The Cockney School Essay - Critical Essays

The Cockney School


The Cockney School

Consisting of a group of literary figures who generally shared political and literary views, the Cockney School of poetry included such writers as Leigh Hunt (1784-1859), William Hazlitt (1778-1830), John Keats (1795-1821), and Percy Bysshe Shelley (1792-1822). Condemned and despised by conservative Tory critics who claimed that the low birth of the Cockneys engendered their liberal politics and colloquial verse, the Cockney School centered around the Whig poet and editor Hunt, who with his brother John established in 1808 the Examiner, a weekly liberal newspaper whose attacks on the Prince Regent earned them each jail sentences. During his imprisonment Leigh Hunt was visited by several important figures, including Lord Byron (1788-1824), Thomas Moore (1779-1852), Jeremy Bentham (1748-1832), and Charles Lamb (1775-1834), and upon his release Hunt became more eagerly engaged in poetry. His The Story of Rimini (1816)—an adaptation of the Paolo and Francesca story from Dante's Divine Comedy—was well received, and the preface, which calls for "a freer spirit of versification," inspired a number of other writers, most notably Shelley and Keats.

Although Hunt's political views attracted like-minded liberals, and his thoughts on a freer and more colloquial style strongly influenced Hazlitt's familiar essays and Keats' early poetry, critics who endorsed the traditional Augustan couplet and political conservativism resisted what they took to be a denigration of poetry. John Gibson Lockhart, editor and contributor to the Tory periodical Blackwood's Edinburgh Magazine, labeled the group "The Cockney School" in 1817 and, in a series of articles published over the next eight years, assailed Keats and Hunt in particular for their political beliefs and, indirectly, for their inferior education and upbringing. Along with other critics such as John Wilson Croker (known as the "slashing critic") of the Quarterly Review, Lockhart—writing under the pseudonym "Z"—criticized the unaccomplished work of the Cockney poets, which they claimed revealed the "low birth and low habits" of its authors and whose couplets they claimed only rhymed in a Cockney accent.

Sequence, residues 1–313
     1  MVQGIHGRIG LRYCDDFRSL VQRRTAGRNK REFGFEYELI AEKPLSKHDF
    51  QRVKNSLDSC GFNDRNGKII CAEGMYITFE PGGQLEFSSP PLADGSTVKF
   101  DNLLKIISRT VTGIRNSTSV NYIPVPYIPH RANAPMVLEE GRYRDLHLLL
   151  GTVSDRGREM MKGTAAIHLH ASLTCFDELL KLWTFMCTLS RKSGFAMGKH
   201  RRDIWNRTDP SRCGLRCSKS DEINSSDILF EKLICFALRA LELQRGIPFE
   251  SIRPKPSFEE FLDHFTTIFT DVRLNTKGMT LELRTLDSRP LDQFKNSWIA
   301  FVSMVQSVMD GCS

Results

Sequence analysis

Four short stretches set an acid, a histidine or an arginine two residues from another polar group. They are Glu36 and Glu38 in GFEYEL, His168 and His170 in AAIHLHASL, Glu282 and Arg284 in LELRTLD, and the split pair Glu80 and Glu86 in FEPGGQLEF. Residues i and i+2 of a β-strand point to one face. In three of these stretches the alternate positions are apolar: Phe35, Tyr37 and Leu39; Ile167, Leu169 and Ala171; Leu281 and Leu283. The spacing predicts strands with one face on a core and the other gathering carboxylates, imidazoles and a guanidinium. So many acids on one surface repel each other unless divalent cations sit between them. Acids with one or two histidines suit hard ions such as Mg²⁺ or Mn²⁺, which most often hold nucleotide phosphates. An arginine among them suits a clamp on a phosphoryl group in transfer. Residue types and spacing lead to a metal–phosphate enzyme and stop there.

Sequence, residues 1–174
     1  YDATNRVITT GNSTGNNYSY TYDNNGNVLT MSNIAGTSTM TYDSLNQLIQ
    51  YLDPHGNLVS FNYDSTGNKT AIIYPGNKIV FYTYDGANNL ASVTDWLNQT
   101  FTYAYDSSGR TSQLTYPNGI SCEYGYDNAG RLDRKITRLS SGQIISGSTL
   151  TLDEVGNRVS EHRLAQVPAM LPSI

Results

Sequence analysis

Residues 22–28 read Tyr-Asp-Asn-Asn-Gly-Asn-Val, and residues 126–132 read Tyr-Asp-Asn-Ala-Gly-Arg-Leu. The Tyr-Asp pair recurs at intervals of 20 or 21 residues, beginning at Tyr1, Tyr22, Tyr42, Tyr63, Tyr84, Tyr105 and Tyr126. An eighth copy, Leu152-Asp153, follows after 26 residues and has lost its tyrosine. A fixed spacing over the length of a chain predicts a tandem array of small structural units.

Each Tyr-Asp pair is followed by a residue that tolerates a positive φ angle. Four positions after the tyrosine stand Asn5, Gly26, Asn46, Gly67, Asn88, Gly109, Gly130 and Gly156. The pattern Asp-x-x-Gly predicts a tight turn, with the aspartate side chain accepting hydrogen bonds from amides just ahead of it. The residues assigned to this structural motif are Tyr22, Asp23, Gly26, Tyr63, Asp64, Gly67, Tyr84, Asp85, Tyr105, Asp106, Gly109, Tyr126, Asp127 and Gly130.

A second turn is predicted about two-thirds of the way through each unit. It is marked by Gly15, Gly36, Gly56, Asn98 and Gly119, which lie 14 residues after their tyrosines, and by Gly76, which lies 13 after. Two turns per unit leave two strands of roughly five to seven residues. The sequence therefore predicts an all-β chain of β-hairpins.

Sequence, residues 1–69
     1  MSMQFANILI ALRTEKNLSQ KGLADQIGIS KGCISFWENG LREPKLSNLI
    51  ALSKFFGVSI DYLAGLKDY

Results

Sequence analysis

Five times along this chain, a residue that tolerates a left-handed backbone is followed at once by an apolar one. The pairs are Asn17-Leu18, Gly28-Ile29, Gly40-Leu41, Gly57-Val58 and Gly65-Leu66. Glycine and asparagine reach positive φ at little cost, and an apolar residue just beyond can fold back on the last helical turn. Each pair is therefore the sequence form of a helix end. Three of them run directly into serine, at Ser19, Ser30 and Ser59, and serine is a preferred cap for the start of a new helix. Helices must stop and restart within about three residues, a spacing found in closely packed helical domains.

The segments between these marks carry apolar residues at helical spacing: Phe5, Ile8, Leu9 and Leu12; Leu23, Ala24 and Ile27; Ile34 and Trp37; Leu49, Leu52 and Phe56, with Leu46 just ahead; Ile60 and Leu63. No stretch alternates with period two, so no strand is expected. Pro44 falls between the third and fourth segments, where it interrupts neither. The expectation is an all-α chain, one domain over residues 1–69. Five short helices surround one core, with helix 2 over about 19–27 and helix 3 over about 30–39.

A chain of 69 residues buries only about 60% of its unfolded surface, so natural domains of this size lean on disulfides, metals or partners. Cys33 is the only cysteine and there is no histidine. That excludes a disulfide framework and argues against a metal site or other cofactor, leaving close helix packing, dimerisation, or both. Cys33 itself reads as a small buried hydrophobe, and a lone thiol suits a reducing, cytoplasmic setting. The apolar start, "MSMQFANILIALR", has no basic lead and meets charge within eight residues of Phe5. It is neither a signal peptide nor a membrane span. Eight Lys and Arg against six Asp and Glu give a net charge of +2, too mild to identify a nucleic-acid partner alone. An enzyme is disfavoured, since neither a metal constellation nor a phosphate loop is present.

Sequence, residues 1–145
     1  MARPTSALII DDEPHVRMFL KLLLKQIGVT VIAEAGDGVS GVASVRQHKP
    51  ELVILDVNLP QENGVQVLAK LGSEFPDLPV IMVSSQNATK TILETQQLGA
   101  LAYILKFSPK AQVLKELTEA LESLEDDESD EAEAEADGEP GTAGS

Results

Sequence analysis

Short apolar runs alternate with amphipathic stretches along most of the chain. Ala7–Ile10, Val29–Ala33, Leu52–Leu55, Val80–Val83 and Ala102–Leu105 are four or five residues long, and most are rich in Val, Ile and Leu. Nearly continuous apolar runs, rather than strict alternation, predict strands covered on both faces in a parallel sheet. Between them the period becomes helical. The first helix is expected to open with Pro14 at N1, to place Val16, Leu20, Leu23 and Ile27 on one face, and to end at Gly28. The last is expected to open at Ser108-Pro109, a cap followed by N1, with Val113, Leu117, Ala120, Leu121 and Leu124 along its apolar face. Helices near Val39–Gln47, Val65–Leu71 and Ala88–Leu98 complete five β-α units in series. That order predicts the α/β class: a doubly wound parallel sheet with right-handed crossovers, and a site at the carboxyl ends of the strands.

The literary careers of the Cockney writers, especially Hazlitt and Keats, were dominated at one point or another by public feuds with their Tory critics. Hazlitt was successful in a libel lawsuit against Blackwood's, and Keats' early reputation was dominated by two hostile, unsigned reviews of his allegorical poem Endymion: A Poetic Romance (1818), one by Lockhart and the other by Croker. Lockhart attacked not only Keats' poem, which he abhorred on artistic and moral grounds, but also the poet's lack of taste, education, and upbringing. Furthermore, although Croker was neither as vitriolic nor as personally cutting as Lockhart, his essay was singled out as damaging and unjust by Keats' supporters. While Keats was apparently disturbed only temporarily by these attacks, the story circulated after his death that his demise had been caused, or at least hastened, by Lockhart's and especially Croker's reviews. A chief perpetrator of this notion was Percy Bysshe Shelley, whose famous work Adonais: An Elegy on the Death of John Keats (1821) was published with a bitter preface implicating Croker as the murderer of Keats.

The political views and radical poetics expressed by Hunt's literary circle were thus largely defined by their most adamant detractors, but the Cockney School nonetheless was highly influential beyond its liberal sympathizers. Hunt pioneered the evolution of the contemporary journal; Hazlitt's familiar essay, characterized by conversational diction and personal opinion, recast the character of the personal essay; and Keats and Shelley, whose impassioned tone and sensual imagery appeared shockingly effusive to critics schooled in the poetics of the eighteenth century, helped to liberate English poetry from the constraints of neoclassicism. Along with the Lake poets, the Cockney School marks a major Romantic shift in British letters and has indelibly changed the course of modern literature.

Representative Works

William Hazlitt

Characters of Shakespeare's Plays (criticism) 1817

The Round Table: A Collection of Essays on Litera ture, Men, and Manners. 2 vols. [with Leigh Hunt] (essays) 1817

Table-Talk. 2 vols. (essays) 1821-22

Leigh Hunt

The Feast of the Poets, with Notes, and Other Pieces in Verse (poetry) 1814

The Story of Rimini (poetry) 1816

Foliage: or, Poems Original and Translated (poetry) 1818

John Keats

Poems (poetry) 1817

Endymion: A Poetic Romance (poetry) 1818

Percy Bysshe Shelley

Queen Mab (poetry) 1813

The Cenci [first publication] (verse drama) 1819

Prometheus Unbound, with Other Poems (verse drama and poetry) 1820

Adonais: An Elegy on the Death of John Keats (poetry) 1821


T. Hall Caine (essay date 1883)

SOURCE: "Leigh Hunt," in Cobwebs of Criticism: A Review of the First Reviewers of the 'Lake,' 'Satanic,' and Cockney' Schools, Elliot Stock, 1883, pp. 123-57.

[In the excerpt that follows, Caine recounts how the Cockney School writers came to be grouped together, chronicling the contemporary critical appraisal of the writers and their works in such periodicals as the Examiner and Blackwood's Magazine.]